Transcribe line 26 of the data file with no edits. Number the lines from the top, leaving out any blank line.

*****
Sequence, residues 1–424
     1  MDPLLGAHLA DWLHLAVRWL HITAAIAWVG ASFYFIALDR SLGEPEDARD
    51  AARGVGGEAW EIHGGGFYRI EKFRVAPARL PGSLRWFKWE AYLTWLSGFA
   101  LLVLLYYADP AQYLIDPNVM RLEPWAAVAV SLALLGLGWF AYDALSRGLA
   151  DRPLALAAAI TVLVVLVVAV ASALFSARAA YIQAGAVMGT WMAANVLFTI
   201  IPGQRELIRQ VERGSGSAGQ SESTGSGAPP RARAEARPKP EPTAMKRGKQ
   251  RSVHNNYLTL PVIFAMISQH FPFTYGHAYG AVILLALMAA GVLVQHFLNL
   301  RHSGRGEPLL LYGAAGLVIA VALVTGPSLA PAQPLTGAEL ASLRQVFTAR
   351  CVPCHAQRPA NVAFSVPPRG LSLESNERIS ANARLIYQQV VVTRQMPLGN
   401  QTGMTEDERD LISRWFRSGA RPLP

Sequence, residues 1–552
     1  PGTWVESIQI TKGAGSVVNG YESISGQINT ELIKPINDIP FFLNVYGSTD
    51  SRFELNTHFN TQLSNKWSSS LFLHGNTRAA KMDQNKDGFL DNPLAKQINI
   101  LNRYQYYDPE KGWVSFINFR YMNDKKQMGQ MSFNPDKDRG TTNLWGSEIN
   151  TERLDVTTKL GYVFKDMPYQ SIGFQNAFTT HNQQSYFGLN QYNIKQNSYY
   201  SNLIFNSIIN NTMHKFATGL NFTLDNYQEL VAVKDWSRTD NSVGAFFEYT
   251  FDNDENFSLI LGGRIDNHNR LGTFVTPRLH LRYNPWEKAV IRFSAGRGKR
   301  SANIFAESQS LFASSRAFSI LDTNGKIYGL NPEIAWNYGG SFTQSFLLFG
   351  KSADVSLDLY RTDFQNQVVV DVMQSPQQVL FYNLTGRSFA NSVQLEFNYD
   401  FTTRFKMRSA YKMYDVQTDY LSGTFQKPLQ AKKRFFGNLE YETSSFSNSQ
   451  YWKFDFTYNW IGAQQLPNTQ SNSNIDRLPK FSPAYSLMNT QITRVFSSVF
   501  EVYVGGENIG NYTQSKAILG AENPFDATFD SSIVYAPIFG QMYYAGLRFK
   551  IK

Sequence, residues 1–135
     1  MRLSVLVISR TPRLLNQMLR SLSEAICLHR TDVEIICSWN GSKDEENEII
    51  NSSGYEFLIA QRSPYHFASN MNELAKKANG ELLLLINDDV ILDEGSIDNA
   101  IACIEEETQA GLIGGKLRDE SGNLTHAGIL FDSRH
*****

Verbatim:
    51  NSSGYEFLIA QRSPYHFASN MNELAKKANG ELLLLINDDV ILDEGSIDNA